Abortion is not a topic I want to spend much time on in this space. It arouses viciousness when what each side of the debate claims to want is mercy. Each side thinks itself the most humane and life-affirming, then proceeds to dismiss the humanity of the other and to affirm only the persistence of hatred. The ground we’re fighting over isn’t a woman’s body or an unborn life and hasn’t been for fifty years. It is more about the existence of who gets to determine the course of other lives.
I make an exception here because this morning a parishioner calls me asking for prayers for a couple she doesn’t know, doesn’t even know their names. All she knows about this couple is that, after many years of trying, they are expecting their first child. Routine first trimester tests have revealed the brain and spine are developing abnormally. If it comes to term (they don’t yet know the sex) the child will be severely disabled and is unlikely to make it home from the hospital.
I’m sure you see where this is going.
They are understandably stricken, paralyzed with indecision. My parishioner tells me that friends from their church are pleading with them to see the pregnancy through and to pray like mad for God to grant a miracle and make the baby right.
This is a hard prayer to pray. I believe in prayer’s power. I believe we live in the presence of mystery and out of that mystery inexplicable mercies sometimes come to pass. What I believe still more certainly is that imposing expectations on God—particularly when they involve a miracle tailored to my preferences—is more than a little presumptuous. It asks the giver of life to exempt me from obligations the gift of human life entails.
One such obligation is to face up to decisions I can’t pray my way out of. This life sometimes presents horrific options and I have to make choices I will never know are right and may never be sure aren’t evil.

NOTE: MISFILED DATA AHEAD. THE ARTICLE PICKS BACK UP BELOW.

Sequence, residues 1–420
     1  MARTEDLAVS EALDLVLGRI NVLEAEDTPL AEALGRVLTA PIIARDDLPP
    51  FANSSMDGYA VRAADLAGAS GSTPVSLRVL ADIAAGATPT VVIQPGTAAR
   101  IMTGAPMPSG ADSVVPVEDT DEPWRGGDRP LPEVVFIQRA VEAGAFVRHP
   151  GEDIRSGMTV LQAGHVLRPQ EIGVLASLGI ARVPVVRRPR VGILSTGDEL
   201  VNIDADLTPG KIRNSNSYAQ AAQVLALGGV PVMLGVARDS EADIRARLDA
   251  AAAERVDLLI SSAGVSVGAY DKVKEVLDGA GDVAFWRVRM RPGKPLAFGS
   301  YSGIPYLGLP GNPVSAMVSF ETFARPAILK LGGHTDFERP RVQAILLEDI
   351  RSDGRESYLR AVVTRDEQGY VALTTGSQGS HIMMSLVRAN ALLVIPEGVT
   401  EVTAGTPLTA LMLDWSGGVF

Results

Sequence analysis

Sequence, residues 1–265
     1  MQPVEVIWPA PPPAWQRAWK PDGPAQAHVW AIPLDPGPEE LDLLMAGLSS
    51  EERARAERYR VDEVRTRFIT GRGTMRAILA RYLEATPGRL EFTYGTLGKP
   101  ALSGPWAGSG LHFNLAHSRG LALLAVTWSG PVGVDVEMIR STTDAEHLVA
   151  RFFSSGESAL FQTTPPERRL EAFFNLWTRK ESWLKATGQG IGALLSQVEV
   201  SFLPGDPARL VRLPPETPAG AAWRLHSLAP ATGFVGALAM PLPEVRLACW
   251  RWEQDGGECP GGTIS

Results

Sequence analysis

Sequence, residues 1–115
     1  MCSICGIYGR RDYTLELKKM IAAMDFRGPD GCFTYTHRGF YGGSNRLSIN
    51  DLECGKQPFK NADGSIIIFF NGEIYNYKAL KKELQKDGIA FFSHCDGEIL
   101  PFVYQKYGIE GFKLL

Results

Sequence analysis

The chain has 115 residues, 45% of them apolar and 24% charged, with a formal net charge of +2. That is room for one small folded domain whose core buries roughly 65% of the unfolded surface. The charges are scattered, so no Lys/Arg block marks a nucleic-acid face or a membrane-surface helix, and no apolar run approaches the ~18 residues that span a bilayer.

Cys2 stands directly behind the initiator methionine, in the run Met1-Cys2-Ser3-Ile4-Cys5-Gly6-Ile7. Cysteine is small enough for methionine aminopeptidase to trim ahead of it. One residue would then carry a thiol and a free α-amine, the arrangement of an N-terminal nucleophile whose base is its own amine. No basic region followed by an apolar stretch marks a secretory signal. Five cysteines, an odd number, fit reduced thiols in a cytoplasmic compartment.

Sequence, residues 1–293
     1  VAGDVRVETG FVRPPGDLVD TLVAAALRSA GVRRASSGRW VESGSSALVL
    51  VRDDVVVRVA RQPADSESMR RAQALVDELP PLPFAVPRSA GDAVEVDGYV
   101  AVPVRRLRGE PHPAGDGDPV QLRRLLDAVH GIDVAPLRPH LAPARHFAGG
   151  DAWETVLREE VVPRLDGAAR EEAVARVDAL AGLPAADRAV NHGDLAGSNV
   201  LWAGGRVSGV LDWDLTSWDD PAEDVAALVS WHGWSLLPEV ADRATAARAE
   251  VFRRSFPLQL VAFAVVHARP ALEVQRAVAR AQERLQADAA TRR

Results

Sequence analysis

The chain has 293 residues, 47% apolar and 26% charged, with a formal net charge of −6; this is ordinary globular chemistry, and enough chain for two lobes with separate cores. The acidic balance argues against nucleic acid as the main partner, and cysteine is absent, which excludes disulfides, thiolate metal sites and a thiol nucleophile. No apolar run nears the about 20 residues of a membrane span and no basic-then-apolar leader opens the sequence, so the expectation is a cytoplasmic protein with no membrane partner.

The assumption underlying the couple’s church friends seems to be this: I can measure God’s goodness, or my own, by the goodness I receive or by the degree to which I am spared from loss and what is ugly and painful and (in my estimation) “unfair”. It seems to me this takes neither the life I’ve been given nor the giver of it very seriously. It looks the gift horse in the mouth.
Of course the couple should pray. Who wouldn’t want a healthy baby? Who wouldn’t want to be spared agony? Jesus prays for this at Gethsemaneº, why shouldn’t we? But what happens after the last ‘amen’?
If the couple had come to me, I couldn’t tell them what they should do. There is no way for me to know what they should do. Even if I had an opinion—which I would try like hell to resist—it would be wrong to voice it. Wrong because opinions are not the same as knowing and I can’t know what anyone ought to do in life-altering, no-going-back circumstances unless those circumstances are mine, staring at me, nose to nose, blocking out the sky and demanding a response. Of me. No one else. If my body was occupied and soon to be torn open by a growing life gone tragically wrong, I would have a say. If it was my marriage about to be tested beyond what the covenant envisages, if it were my eyes having to behold the mangled fruit of my love only to begin its deathwatch, only then might I know if I have the inner resources necessary to take up the burden of care and ruinous medical expense and the wits to be anything other than defeated by the powers arrayed against this child’s flourishing. Unless that child’s life is quickening in me I have no basis on which to discern what possibilities that life portends. Even then I could never be sure.
No one except this couple will have to rearrange the fixtures of their lives around what this decision will gouge into their future. No one who can walk away from the life they have no choice but to inhabit has the authority to determine the righteousness of their decision. Even though we might care greatly, even though their decision might leave a gouge in us.
We clamor for general rules and absolute laws to govern the power and the freedom we have to make life and death decisions. Yet we make such decisions—guided by nothing more than personal interest—all the time. We couldn’t escape them if we tried. We choose life and death for ourselves and others in ways we are aware of, in ways we are unaware of and in ways we take pains to remain naïve of. Do I need to cite examples?ºº
We face terrible decisions in this life and we must make them. And I will pray for miracles.
º Mk 14:36; Mt 26:39; Lk 22:42.
ºº Here’s one that fits all three categories: the choices we’ve made concerning our nation’s gun laws.